Plastic – the material of choice for pipes

Plastic used to manufacture pipes is engineered to be robust, reliable, and recyclable.

PIPA Executive General Manager Cindy Bray spoke to The Australian Pipeliner on the benefits of plastic when it comes to choosing material for pipes.

Have you ever thought about the role plastic pipes play in everyone’s life? They deliver essential everyday services and utilities to homes and communities.

This includes drinking water, gas and electricity to everyone’s homes, protect the network of cables that deliver internet and other services, are used to in irrigation systems to that are essential for growing food and carry away sewerage, rainwater and stormwater protecting communities and the environment.

It’s hard to comprehend the vast network of plastic pipelines installed and in operation here in Australia and around the world as the majority of them are buried and remain there in service for in excess of 100 years. Today’s plastic pipeline systems are still in their first life cycle.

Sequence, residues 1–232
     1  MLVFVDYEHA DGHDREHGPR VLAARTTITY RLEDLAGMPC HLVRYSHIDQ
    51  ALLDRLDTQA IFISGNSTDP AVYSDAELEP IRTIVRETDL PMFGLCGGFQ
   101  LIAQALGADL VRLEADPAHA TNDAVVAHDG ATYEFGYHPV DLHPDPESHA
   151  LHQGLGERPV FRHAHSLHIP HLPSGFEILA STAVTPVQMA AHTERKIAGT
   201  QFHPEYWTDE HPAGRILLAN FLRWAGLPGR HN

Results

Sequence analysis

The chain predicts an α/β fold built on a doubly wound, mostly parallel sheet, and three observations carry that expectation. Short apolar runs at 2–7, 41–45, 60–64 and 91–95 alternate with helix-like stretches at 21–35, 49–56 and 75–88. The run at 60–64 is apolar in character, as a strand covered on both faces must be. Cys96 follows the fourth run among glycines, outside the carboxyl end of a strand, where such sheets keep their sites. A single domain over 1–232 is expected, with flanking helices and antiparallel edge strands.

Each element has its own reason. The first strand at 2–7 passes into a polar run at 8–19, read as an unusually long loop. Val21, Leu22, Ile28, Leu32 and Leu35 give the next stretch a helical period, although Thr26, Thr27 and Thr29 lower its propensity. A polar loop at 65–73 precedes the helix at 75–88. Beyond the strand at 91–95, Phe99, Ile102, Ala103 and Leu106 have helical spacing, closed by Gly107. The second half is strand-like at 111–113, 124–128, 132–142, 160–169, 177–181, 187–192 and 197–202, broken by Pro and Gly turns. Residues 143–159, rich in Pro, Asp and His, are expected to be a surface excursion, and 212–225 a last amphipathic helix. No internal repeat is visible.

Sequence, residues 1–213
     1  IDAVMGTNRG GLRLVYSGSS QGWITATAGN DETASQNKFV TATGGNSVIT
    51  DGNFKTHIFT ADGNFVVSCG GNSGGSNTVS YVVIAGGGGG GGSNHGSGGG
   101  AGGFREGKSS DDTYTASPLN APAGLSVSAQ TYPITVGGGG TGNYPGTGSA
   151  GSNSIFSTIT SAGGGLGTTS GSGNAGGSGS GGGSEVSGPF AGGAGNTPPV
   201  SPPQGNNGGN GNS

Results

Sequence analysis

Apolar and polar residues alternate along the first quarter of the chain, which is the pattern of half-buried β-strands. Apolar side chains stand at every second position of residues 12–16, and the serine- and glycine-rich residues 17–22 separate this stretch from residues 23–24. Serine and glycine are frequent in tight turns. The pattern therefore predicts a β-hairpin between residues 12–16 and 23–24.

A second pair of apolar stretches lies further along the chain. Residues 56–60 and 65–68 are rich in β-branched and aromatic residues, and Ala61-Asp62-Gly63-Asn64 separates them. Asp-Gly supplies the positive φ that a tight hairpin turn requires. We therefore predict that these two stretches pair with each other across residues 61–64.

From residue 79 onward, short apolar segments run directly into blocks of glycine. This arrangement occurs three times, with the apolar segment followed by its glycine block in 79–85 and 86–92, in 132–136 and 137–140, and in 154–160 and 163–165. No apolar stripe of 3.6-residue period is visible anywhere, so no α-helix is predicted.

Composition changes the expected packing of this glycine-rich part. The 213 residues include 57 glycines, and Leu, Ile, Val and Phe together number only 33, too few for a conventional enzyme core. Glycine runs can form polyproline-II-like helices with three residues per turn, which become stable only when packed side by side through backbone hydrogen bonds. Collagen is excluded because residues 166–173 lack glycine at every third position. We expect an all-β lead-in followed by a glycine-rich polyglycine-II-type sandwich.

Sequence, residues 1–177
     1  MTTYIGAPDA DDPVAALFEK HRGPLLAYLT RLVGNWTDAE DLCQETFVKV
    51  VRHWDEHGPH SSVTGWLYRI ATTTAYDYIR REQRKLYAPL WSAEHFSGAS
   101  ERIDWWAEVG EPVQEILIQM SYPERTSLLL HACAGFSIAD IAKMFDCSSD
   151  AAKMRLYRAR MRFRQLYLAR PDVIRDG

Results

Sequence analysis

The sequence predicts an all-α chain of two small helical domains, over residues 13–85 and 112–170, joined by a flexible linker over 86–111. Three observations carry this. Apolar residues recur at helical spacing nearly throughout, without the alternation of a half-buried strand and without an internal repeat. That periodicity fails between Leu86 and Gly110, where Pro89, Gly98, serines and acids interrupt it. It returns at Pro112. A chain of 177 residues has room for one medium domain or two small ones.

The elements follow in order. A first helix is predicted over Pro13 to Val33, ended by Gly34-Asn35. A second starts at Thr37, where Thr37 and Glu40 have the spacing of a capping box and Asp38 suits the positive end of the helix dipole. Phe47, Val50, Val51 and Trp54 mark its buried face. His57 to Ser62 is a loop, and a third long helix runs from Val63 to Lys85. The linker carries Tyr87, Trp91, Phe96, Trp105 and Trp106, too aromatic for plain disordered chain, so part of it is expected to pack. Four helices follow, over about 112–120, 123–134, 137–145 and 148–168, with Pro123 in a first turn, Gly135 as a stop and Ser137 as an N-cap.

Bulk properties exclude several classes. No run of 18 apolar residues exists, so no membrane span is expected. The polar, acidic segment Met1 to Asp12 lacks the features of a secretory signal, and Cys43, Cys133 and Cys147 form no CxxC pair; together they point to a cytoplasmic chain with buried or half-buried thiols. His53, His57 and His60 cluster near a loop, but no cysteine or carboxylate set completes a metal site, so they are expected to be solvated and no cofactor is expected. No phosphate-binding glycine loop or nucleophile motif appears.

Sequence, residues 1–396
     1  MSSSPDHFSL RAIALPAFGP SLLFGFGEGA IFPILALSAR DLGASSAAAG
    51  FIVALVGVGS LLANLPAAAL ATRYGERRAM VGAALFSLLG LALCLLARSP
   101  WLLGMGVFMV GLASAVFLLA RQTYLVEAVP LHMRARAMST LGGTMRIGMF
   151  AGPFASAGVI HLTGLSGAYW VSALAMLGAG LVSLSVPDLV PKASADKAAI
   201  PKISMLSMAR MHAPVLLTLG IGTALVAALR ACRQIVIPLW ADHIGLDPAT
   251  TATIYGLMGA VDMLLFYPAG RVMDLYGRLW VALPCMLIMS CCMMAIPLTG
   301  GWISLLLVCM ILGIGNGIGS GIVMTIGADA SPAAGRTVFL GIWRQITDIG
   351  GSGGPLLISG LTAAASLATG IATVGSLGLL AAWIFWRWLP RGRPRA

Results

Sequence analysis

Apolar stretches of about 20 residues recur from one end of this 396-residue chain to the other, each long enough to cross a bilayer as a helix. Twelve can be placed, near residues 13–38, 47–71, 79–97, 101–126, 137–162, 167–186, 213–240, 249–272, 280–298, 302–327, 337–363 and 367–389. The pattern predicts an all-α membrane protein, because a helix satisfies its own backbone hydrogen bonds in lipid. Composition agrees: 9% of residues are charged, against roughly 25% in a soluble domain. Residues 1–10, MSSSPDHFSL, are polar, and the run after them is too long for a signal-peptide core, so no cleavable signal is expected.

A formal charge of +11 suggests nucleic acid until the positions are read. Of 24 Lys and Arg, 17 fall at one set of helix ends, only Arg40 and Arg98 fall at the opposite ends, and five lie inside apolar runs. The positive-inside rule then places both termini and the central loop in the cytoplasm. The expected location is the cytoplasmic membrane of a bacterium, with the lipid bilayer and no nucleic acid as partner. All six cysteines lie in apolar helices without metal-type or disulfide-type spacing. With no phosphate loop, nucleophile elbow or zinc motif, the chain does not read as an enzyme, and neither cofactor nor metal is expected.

“When you look at the three key principles to a circular economy – designing out waste and pollution, keeping products and material in use and regenerate natural systems, plastic pipe systems align with all three,” Bray stated.

“You can see why they are the preferred choice to replace and upgrade other pipe materials throughout the world.”

Plastic pipes withstand the forces they are subjected to.
Plastic pipes withstand the forces they are subjected to.

The sustainability story

Not all plastics are the same. Too often, plastic pipe systems are mistakenly put in the same category as short-lived, single-use plastics.

PIPA and its members are acutely aware of the real problem society faces with plastic pollution resulting from its inappropriate disposal.